To accept petitioner's claim of absolute immunity would elevate the Petition Clause to special First Amendment status. The Petition Clause, however, was inspired by the same ideals of liberty and democracy that gave us the freedoms to speak, publish, and assemble. These First Amendment rights are inseparable and there is no sound basis for granting greater constitutional protection to statements made in a petition ... than other first amendment expressions.


Id. at 485, 105 S.Ct. at 2791 (citations omitted). Were we to adopt Belk's position that the right to petition is absolute, we would be guilty of implementing precisely the sort of hierarchy of first amendment rights forbidden by McDonald.


In the leading case of Connick v. Myers, 461 U.S. 138, 103 S.Ct. 1684, 75 L.Ed.2d 708 (1983), the Supreme Court held that the right to free speech protected by the first amendment is not violated by an employer who retaliates against a public employee for exercising that right, unless the employee's speech addressed a matter of public concern. Id. at 147, 103 S.Ct. at 1690. Notwithstanding the central importance Connick attaches to the content of a public employee's speech, Belk asks us to accord absolute first amendment protection, without regard to content, to any grievance a public employee files or threatens to file. Not only is there no legal or historical precedent for such a stratification of first amendment freedoms, as McDonald suggests, but such special treatment of the right to petition would unjustly favor those who through foresight or mere fortuity present their speech as a grievance rather than in some other form. Accordingly, we decline to hold as a matter of law that the fact that the Town Board may have terminated Belk in retaliation for threatening to file a grievance constitutes a per se violation of the first amendment.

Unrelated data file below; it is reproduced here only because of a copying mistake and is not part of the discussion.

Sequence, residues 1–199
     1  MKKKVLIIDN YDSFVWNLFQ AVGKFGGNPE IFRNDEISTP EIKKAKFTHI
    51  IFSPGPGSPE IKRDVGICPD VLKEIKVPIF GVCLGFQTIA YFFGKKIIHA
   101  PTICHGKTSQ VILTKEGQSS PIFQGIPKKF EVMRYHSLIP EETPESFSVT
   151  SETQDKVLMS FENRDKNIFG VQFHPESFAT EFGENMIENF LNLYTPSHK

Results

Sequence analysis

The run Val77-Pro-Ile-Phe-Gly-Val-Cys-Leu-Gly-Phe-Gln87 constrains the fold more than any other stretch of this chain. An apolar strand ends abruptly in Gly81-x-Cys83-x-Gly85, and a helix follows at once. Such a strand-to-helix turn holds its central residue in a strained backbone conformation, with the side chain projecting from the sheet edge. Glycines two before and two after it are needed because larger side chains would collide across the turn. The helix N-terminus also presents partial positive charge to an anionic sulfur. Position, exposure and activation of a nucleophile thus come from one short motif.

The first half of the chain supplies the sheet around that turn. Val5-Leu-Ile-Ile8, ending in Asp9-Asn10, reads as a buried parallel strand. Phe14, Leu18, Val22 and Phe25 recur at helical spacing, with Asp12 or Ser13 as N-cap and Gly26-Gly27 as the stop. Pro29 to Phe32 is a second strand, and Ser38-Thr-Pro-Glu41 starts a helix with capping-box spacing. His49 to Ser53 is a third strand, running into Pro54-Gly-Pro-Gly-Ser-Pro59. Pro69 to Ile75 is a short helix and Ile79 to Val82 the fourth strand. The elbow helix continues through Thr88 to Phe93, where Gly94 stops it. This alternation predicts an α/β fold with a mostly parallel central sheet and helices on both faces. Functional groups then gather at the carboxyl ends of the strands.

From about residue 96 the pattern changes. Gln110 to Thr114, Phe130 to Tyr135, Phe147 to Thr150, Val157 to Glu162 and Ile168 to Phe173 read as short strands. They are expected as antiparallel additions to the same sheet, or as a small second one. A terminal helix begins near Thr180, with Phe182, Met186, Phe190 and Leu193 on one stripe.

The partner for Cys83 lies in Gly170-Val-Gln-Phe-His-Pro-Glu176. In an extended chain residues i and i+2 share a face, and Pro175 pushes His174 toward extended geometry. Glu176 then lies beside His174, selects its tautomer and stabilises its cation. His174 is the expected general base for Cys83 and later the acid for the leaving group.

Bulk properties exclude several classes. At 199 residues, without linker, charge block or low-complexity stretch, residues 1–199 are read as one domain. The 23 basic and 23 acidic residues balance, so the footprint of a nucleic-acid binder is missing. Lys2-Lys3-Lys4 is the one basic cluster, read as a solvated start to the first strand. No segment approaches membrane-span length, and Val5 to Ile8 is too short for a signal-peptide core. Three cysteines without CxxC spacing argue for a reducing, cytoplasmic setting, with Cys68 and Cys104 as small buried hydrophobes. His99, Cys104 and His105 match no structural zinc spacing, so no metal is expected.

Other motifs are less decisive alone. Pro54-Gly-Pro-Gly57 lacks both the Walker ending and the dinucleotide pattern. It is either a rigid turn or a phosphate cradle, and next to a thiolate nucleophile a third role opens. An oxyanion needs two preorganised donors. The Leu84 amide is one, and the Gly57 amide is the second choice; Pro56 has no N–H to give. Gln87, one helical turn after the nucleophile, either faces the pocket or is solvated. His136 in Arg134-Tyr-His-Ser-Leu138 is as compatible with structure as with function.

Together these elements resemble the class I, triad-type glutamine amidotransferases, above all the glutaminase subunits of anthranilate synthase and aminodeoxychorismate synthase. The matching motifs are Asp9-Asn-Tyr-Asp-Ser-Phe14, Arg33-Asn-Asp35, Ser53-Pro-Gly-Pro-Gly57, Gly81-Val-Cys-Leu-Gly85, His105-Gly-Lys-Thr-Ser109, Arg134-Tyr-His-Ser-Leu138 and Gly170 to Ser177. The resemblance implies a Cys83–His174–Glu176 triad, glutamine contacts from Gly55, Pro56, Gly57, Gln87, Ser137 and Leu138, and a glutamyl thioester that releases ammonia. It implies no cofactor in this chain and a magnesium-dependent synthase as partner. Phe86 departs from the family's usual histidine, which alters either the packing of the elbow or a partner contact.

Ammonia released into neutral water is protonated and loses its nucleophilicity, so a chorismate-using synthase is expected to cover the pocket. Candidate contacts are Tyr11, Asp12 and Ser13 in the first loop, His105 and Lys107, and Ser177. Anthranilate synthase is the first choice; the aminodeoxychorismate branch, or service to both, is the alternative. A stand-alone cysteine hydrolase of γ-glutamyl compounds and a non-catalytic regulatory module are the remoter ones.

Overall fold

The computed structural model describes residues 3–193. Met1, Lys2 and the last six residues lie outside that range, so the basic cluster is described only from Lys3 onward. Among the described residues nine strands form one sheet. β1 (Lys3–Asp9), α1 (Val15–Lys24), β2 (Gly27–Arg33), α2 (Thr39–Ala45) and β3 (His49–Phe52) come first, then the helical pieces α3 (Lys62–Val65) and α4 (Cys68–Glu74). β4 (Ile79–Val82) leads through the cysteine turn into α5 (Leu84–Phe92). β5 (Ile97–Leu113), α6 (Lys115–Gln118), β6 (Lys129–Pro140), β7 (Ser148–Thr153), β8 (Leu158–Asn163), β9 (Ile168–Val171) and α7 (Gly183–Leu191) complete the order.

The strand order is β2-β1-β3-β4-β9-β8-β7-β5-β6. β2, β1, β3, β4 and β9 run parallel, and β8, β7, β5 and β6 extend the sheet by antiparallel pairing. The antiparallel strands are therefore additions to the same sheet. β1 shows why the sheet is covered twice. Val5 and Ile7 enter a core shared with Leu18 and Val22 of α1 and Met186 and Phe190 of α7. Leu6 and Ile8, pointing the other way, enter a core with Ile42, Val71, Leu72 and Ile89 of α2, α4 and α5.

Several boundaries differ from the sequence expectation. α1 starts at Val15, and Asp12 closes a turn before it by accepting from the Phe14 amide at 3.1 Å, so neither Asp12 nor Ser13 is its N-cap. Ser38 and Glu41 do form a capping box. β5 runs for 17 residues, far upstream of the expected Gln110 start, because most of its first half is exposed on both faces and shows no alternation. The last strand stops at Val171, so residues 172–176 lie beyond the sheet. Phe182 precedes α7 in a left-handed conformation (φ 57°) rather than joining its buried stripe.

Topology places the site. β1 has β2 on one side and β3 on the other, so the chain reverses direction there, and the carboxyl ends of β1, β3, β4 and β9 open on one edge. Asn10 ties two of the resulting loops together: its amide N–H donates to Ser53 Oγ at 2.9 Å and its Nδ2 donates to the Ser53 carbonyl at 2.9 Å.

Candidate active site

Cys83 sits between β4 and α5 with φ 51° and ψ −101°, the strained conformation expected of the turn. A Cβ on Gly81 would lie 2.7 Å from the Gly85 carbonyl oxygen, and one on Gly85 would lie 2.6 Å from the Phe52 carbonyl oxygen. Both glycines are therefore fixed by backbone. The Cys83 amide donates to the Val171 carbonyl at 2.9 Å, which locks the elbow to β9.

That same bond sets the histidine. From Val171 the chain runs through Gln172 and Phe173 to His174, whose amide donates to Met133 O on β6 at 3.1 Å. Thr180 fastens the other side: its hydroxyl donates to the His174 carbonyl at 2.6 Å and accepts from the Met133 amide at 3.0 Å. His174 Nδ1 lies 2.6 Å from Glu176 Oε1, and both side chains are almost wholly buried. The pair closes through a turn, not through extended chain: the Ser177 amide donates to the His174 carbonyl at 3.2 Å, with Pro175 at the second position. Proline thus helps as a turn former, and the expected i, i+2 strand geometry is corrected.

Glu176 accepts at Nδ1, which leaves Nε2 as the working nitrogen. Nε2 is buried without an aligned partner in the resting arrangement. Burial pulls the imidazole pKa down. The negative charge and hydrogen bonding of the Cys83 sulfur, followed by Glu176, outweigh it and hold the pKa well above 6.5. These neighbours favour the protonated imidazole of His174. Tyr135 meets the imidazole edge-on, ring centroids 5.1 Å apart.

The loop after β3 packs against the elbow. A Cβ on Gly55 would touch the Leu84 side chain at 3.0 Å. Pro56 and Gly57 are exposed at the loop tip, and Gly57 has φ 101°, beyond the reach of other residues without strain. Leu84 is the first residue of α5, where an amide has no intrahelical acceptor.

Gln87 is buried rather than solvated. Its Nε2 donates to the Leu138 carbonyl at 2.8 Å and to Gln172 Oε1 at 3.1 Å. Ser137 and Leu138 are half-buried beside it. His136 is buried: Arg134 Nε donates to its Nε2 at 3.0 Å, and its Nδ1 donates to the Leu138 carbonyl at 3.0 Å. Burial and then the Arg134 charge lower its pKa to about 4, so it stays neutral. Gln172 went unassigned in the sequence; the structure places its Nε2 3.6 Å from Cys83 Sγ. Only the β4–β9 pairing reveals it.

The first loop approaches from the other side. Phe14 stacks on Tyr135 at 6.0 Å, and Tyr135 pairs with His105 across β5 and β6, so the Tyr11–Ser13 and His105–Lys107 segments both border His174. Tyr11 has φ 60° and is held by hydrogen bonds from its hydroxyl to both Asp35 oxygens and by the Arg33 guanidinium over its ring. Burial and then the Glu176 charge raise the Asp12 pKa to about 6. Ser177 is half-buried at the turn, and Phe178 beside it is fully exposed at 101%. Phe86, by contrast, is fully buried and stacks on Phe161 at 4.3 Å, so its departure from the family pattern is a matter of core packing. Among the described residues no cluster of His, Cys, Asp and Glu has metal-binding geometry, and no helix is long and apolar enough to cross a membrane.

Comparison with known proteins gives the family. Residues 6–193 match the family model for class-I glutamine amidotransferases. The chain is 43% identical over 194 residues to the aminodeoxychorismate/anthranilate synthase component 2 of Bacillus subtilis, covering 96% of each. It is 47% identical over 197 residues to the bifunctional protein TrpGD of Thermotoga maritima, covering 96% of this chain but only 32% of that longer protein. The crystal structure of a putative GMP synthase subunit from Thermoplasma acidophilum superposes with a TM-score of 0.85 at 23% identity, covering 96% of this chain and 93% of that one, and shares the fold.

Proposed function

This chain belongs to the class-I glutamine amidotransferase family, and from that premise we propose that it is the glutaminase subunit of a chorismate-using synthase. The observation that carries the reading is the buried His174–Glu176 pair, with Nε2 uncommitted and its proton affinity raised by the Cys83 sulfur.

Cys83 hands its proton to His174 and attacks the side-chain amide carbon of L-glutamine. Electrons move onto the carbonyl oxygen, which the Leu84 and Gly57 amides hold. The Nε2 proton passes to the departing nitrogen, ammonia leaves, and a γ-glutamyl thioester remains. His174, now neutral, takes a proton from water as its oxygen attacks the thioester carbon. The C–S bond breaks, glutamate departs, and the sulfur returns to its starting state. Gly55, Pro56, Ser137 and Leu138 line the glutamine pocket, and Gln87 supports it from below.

Because Belk was an "at will" employee, the Town Board could have terminated Belk's employment at any time, and for any reason or for no reason at all. The Town could not, however, terminate her employment because of her exercise or threatened exercise of a constitutionally protected right. Perry v. Sindermann, 408 U.S. 593, 597, 92 S.Ct. 2694, 2697, 33 L.Ed.2d 570 (1972). Thus, only if the substance of Belk's threatened grievance is deserving of first amendment protection does her allegedly retaliatory discharge violate the petition clause.5


The first step in such an inquiry is to ascertain whether the asserted speech touches upon a matter of public concern. Connick, 461 U.S. at 147, 103 S.Ct. at 1690. Only if the speech at issue, in this case an employment grievance, passes this first hurdle must a court then employ a balancing test to determine whether, as a matter of law, the speech is constitutionally protected.6 See Pickering v. Board of Educ., 391 U.S. 563, 88 S.Ct. 1731, 20 L.Ed.2d 811 (1968). The district court concluded that Belk's grievance was not entitled to first amendment protection because it related solely to her personal dissatisfaction with the existing classification of the position of Town Secretary and thus did not address a matter of public concern. Consequently, we are concerned on appeal only with the initial phase of this two-part inquiry--whether Belk's grievance related to a matter of public concern.


In Connick, the Supreme Court articulated the following and by now well-established test: "whether an employee's speech addresses a matter of public concern must be determined by the content, form and context of a given statement, as revealed by the record as a whole." 461 U.S. at 147-48, 103 S.Ct. at 1690. See also Vukadinovich v. Bartels, 853 F.2d 1387, 1390 (7th Cir.1988). The plaintiff in Connick, an assistant district attorney named Myers, strongly opposed a proposed reassignment that would have transferred her from one section of the local criminal court to another. After expressing her opposition to the move to several of her supervisors, including defendant Connick, (the District Attorney of New Orleans parish), Myers prepared a questionnaire which she distributed to other assistants in the district attorney's office. The questionnaire contained questions concerning the office transfer policy, office morale, the need for a formal grievance committee, the level of confidence in office supervisors, and whether assistants felt pressured to work in political campaigns. Immediately after Myers distributed the survey, she was notified that she was being fired for her refusal to accept the proposed transfer and that dissemination of the questionnaire was considered an act of insubordination. Myers filed suit under 42 U.S.C. Sec. 1983 contending that she had been wrongfully terminated because she had exercised her constitutional right of free speech.